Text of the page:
Tom and I have tried mock “fish” a couple of times at restaurants and hated it every single time. The taste was wrong, the texture was wrong. The best mock “fish” dish we ever had was when I made my delicious Vegan “Fish” and Chips.
|Vegan “Fish” and Chips|
Well, Tom has been a little crabby lately and so I wanted to make him something special. In his pre-Vegan days, Tom loved crab cakes. I tasted them just once when he ordered them several years ago on City Island. Honestly, I didn’t like them much.
So I decided to makeover one of his old favorites in a Vegan, compassionate form. Most of the foods we like are not about the “meat” anyway. It’s all about the texture and the spices and flavors we add to it. In making a mock “fish” dish, it’s important to get that taste that reminds you of the sea. Seasonings like Old Bay, kelp, dulce, seaweed, lemon and dill are good for that. Many people make mock “crab” cakes with tofu but that texture doesn’t seem right to me. Tofu is too smooth. Tempeh is more substantial, giving you that flaky texture reminiscent of seafood.
And of course, my recipe is gluten-free so I used corn flake crumbs and chickpea flour. But if gluten is not an issue for you, any bread crumbs and flour you like will do. The Tempeh “Crab” Cakes were so delicious. They were crispy on the outside, moist and flaky on the inside. The flavors were so spot on, I think these could possibly fool an omnivore or at least show them that it isn’t necessary to harm a crab to have these scrumptious cakes.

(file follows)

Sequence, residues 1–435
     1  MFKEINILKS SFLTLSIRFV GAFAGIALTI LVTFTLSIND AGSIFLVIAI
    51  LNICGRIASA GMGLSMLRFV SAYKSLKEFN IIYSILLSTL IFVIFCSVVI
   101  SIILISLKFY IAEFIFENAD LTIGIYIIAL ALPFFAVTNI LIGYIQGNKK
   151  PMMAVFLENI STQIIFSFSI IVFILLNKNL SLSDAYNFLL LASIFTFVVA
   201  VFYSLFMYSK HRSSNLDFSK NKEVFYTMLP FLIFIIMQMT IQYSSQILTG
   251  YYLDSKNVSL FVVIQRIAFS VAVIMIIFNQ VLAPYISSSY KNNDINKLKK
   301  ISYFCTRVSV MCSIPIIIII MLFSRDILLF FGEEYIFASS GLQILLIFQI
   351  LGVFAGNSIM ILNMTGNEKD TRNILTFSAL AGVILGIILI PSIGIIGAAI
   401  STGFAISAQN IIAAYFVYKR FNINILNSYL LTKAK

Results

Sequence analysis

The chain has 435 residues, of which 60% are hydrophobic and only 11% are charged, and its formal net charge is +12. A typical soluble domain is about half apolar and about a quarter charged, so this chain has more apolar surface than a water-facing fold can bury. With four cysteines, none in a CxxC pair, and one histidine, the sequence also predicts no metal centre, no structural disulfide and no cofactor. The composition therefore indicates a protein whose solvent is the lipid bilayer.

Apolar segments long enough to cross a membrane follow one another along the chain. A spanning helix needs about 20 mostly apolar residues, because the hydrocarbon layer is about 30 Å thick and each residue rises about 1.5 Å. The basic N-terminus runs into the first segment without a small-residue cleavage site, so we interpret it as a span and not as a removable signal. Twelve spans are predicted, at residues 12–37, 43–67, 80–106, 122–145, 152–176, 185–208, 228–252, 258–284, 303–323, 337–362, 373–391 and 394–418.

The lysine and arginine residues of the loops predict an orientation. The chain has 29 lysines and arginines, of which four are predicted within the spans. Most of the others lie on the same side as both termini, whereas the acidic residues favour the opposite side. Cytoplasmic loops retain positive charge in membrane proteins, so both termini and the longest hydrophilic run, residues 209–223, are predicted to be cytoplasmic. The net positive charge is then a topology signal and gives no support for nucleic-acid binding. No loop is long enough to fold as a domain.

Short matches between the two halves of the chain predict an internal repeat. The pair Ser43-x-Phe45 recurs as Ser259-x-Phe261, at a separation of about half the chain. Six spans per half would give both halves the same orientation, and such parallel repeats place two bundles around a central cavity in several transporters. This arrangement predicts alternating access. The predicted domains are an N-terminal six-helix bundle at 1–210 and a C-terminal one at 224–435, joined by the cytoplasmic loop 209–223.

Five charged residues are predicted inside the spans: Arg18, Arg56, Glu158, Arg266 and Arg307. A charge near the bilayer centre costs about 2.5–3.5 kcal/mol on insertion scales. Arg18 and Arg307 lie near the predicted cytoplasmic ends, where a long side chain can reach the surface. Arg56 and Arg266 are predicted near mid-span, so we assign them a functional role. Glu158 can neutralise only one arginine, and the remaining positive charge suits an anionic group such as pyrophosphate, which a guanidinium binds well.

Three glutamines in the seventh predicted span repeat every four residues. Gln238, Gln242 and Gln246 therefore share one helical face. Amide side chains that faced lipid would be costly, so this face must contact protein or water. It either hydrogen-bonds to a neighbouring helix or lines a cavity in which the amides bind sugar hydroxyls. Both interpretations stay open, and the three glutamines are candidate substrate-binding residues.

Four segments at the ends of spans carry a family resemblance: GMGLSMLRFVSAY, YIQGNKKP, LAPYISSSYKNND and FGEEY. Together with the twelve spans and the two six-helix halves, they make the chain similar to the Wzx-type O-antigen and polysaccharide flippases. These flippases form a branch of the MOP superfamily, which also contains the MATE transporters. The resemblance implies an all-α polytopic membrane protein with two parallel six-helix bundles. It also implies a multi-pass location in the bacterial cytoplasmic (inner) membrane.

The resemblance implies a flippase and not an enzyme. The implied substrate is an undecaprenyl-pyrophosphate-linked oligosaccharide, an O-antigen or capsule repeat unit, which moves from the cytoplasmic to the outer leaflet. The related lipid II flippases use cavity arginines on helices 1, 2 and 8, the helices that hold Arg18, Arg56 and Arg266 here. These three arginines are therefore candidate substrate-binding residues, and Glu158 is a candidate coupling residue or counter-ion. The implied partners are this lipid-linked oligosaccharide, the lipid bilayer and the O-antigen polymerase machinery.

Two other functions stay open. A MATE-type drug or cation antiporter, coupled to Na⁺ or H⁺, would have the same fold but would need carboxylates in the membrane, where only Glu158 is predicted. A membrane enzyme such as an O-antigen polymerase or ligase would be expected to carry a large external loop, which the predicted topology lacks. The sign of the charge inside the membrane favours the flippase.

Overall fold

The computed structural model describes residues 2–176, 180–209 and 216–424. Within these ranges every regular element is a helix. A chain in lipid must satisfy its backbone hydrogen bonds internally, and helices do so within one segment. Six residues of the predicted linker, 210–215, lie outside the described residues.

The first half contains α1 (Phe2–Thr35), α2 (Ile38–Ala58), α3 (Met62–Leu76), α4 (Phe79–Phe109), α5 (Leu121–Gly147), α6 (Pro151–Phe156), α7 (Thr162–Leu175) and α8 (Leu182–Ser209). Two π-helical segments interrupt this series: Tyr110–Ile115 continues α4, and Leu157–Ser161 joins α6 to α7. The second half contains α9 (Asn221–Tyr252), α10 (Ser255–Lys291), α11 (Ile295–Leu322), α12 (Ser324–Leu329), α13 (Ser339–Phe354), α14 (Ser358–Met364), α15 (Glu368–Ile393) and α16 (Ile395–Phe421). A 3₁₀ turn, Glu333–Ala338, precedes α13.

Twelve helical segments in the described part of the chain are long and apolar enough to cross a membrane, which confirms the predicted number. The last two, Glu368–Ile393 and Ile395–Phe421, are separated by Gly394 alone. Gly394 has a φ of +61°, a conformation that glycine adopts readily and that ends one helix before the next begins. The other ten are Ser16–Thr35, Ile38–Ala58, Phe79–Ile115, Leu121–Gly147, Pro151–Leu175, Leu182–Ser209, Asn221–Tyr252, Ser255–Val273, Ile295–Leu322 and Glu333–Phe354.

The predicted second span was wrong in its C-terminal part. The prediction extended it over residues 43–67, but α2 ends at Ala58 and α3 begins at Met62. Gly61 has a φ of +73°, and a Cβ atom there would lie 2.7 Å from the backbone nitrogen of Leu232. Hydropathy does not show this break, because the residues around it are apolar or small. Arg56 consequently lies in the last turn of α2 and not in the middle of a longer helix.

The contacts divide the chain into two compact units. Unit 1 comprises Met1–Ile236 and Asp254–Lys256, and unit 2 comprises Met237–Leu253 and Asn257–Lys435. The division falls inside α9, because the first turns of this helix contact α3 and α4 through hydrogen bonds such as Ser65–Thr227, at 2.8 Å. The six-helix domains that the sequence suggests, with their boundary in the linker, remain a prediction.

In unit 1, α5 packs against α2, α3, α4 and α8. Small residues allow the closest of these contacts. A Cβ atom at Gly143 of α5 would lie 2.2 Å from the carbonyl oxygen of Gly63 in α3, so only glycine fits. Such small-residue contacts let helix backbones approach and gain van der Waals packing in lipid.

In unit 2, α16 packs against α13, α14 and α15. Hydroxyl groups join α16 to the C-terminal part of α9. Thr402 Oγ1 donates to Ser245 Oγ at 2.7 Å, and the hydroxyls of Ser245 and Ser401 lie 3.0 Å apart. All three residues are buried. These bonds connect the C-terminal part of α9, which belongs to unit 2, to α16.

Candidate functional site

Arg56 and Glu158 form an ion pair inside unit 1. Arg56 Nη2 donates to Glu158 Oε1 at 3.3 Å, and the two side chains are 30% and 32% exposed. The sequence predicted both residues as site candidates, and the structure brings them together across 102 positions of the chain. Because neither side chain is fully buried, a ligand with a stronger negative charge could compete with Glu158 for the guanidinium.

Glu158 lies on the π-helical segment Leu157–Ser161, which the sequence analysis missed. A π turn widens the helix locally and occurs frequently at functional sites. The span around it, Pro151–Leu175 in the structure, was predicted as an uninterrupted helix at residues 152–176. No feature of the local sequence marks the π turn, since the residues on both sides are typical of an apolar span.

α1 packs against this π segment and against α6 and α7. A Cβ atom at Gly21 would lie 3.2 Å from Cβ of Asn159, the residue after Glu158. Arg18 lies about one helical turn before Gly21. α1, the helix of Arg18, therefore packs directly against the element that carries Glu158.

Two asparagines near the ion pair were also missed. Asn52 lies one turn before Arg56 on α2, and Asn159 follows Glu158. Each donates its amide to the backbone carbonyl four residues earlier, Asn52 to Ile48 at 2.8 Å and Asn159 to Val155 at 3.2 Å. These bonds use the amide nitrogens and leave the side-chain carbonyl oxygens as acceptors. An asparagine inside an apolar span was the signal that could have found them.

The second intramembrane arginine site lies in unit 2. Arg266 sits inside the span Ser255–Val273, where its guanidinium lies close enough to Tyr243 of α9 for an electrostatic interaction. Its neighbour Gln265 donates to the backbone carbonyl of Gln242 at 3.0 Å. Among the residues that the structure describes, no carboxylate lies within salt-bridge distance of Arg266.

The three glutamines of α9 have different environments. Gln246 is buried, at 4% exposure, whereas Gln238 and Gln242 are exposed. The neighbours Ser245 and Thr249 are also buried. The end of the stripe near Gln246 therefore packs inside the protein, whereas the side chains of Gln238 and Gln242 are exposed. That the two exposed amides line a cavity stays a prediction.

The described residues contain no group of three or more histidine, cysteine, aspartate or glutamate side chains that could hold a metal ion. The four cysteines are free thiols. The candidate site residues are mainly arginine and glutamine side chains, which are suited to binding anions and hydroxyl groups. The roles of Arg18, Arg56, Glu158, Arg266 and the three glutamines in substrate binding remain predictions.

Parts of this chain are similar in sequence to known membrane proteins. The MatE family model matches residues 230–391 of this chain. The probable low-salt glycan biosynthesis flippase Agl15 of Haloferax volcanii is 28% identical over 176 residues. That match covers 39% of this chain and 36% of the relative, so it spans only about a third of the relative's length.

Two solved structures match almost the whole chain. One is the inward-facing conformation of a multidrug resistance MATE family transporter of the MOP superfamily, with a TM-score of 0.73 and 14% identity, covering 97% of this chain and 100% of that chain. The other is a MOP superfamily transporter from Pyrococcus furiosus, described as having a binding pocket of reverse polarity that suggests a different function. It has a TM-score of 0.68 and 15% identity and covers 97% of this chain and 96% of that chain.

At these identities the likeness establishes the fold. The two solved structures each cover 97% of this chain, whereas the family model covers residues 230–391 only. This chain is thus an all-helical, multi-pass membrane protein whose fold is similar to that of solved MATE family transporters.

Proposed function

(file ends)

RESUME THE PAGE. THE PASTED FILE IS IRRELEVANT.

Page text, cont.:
I served them with baked sweet potato fries and my Horseradish-Dill Mayo. It wan’t exactly easy to recreate a dish I only tasted once in my whole life but Tom was more than willing to assist…in making them as well as eating them. And by the end of dinner, Tom was a lot less crabby 🙂
Tempeh “Crab” Cakes
For the Horseradish-Dill Mayonnaise
¼ cup Vegan Mayonnaise
2-3 tsp. prepared horseradish
1 tsp. dried dill
1 tsp. hot sauce
Scallion greens and lemon slices for garnish
Mix all ingredients in a bowl. Taste to make sure it is to your desired level of spice. Refrigerate until ready to use. Garnish with scallion greens and lemon slices.
For the Tempeh “Crab” Cakes
1 Tbs. flaxseed mixed with 3 Tbs. warm water
One 8 oz. package of tempeh
2 Tbs. safflower oil, divided
1 bell pepper, finely chopped
2 stalks celery, finely chopped
3 scallions, finely chopped (reserve some greens for garnish)
1 clove garlic, minced
¼ cup Vegan mayonnaise
2 Tbsp. fresh parsley, chopped
Zest of one lemon
Juice of ½ a lemon
1 Tbs. baking powder
1 tsp. gluten-free Vegan Worcestershire sauce OR
½ tsp. gluten-free tamari and ½ tsp. balsamic vinegar
2 tsp. dry mustard
1 Tbs. Old Bay Seasoning
2 tsp. kelp or dulse flakes
1 tsp. garlic powder
Salt and pepper to taste
A dash of cayenne pepper
1/3 – ½ cup corn flake crumbs or gluten-free bread crumbs
Steam the tempeh – 20 minutes in a steamer or 5 minutes in the microwave. Let cool.
Meanwhile, combine the flaxseed with the water. Mix and let stand for 10 minutes. This is your binder. Heat 1 Tbs. oil in a large skillet. Saute the bell pepper, celery, scallions and garlic until softened, about 5 minutes. Transfer to a large mixing bowl and let cool. Wipe the skillet clean.
Divide the mixture into cakes. The cakes should be smaller in diameter and thicker than a burger patty. Let the cakes rest for a few minutes so they can set. This will help them absorb moisture and hold together better. This recipe makes about 6 average-sized cakes or 8 small ones.
Heat the remaining Tbs. of oil to the skillet. Cook the cakes on medium-high heat until they are golden brown, about 4 minutes on each side. Be sure to flip them very gently so they don’t break apart.
Serve while hot with my Horseradish-Dill Mayonnaise and lemon slices or wedges.